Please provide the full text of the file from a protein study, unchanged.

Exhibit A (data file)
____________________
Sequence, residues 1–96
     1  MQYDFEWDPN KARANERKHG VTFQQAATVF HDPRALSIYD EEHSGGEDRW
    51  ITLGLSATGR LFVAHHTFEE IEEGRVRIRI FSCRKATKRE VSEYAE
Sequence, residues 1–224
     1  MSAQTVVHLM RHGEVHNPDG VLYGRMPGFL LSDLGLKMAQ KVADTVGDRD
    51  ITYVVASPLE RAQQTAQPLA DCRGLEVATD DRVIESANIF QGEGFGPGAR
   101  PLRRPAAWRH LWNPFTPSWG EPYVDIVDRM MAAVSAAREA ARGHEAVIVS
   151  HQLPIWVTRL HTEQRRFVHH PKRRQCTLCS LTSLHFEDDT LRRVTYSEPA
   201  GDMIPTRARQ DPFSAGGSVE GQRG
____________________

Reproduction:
Sequence, residues 1–96
     1  MQYDFEWDPN KARANERKHG VTFQQAATVF HDPRALSIYD EEHSGGEDRW
    51  ITLGLSATGR LFVAHHTFEE IEEGRVRIRI FSCRKATKRE VSEYAE
Sequence, residues 1–224
     1  MSAQTVVHLM RHGEVHNPDG VLYGRMPGFL LSDLGLKMAQ KVADTVGDRD
    51  ITYVVASPLE RAQQTAQPLA DCRGLEVATD DRVIESANIF QGEGFGPGAR
   101  PLRRPAAWRH LWNPFTPSWG EPYVDIVDRM MAAVSAAREA ARGHEAVIVS
   151  HQLPIWVTRL HTEQRRFVHH PKRRQCTLCS LTSLHFEDDT LRRVTYSEPA
   201  GDMIPTRARQ DPFSAGGSVE GQRG